Since the terrorist attacks of September 11, 2001, U.S. security officials have worried about the possibility of a nuclear or radiological "dirty bomb" exploding in a highly populated area. In case the threat ever comes to fruition, researchers at Duke are working to mitigate the effects of an attack.
Duke researchers received a $3.7 million contract from the Biomedical Advanced Research and Development Authority, part of the Department of Health and Human Services, which could bring the university up to $43.6 million if the government renews the contract.
A group led by John Chute, associate professor of medicine, is developing and testing a method for rapidly screening thousands of people in the wake of an attack to determine their levels of radiation exposure. People suffering from radiation injuries can survive and recover if they are promptly and properly treated.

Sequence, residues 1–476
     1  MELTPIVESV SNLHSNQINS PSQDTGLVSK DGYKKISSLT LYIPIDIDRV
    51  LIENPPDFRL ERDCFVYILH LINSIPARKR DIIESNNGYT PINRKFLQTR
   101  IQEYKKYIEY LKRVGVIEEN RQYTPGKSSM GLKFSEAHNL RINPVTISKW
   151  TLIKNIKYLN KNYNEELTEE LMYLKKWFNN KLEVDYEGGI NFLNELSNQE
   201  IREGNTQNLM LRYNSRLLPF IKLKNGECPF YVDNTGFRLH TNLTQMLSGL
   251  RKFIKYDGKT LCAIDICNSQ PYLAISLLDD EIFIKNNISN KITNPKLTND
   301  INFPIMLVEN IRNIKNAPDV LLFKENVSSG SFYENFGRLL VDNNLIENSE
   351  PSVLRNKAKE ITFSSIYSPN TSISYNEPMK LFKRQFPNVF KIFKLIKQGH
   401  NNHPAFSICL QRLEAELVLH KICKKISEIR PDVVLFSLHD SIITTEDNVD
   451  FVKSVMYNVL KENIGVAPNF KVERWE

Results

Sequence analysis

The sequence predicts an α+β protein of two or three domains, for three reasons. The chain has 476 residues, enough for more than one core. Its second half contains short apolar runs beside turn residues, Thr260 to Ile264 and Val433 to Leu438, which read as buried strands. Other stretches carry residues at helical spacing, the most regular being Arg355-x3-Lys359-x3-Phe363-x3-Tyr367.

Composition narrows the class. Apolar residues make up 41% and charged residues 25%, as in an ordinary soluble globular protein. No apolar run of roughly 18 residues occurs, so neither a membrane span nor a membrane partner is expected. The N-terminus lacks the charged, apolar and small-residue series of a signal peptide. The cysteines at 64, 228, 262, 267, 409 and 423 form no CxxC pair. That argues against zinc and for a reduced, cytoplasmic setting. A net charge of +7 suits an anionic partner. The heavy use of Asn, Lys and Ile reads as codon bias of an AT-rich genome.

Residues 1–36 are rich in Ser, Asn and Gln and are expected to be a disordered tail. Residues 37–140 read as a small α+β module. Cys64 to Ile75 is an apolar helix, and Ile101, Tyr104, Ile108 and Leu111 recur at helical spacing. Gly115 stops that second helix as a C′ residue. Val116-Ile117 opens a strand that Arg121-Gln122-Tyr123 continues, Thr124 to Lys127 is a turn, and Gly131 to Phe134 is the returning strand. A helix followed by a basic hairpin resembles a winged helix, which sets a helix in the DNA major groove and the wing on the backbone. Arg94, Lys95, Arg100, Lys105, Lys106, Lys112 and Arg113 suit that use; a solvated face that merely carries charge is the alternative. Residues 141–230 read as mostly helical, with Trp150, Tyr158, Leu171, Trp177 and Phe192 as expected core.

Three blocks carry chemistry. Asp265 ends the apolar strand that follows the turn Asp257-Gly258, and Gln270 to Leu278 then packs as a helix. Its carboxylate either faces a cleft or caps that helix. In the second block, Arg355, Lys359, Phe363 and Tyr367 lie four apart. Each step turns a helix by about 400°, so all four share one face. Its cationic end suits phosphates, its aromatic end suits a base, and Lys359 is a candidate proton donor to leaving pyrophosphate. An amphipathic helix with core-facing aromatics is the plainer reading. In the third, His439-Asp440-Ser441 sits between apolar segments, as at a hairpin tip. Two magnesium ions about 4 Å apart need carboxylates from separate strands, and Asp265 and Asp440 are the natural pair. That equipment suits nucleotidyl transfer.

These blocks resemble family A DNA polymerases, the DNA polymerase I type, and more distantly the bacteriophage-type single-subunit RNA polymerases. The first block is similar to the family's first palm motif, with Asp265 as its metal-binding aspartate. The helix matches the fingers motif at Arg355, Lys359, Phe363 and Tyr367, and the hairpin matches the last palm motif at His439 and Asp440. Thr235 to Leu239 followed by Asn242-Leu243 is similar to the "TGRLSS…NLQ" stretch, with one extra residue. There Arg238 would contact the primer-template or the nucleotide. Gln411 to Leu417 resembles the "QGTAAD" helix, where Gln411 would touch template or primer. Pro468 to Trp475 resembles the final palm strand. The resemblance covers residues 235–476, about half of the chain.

Chute has found that radiation exposure causes a characteristic pattern of expression in twenty-five genes he has identified and that this "signature" can diagnose how much radiation a person has been exposed to with greater than 90 percent accuracy.
The end product of the research will be a portable, thirty-minute test for radiation injury that can be used to triage thousands of individuals in a short time following a radiological or nuclear attack. Researchers hope to have a prototype ready by 2012.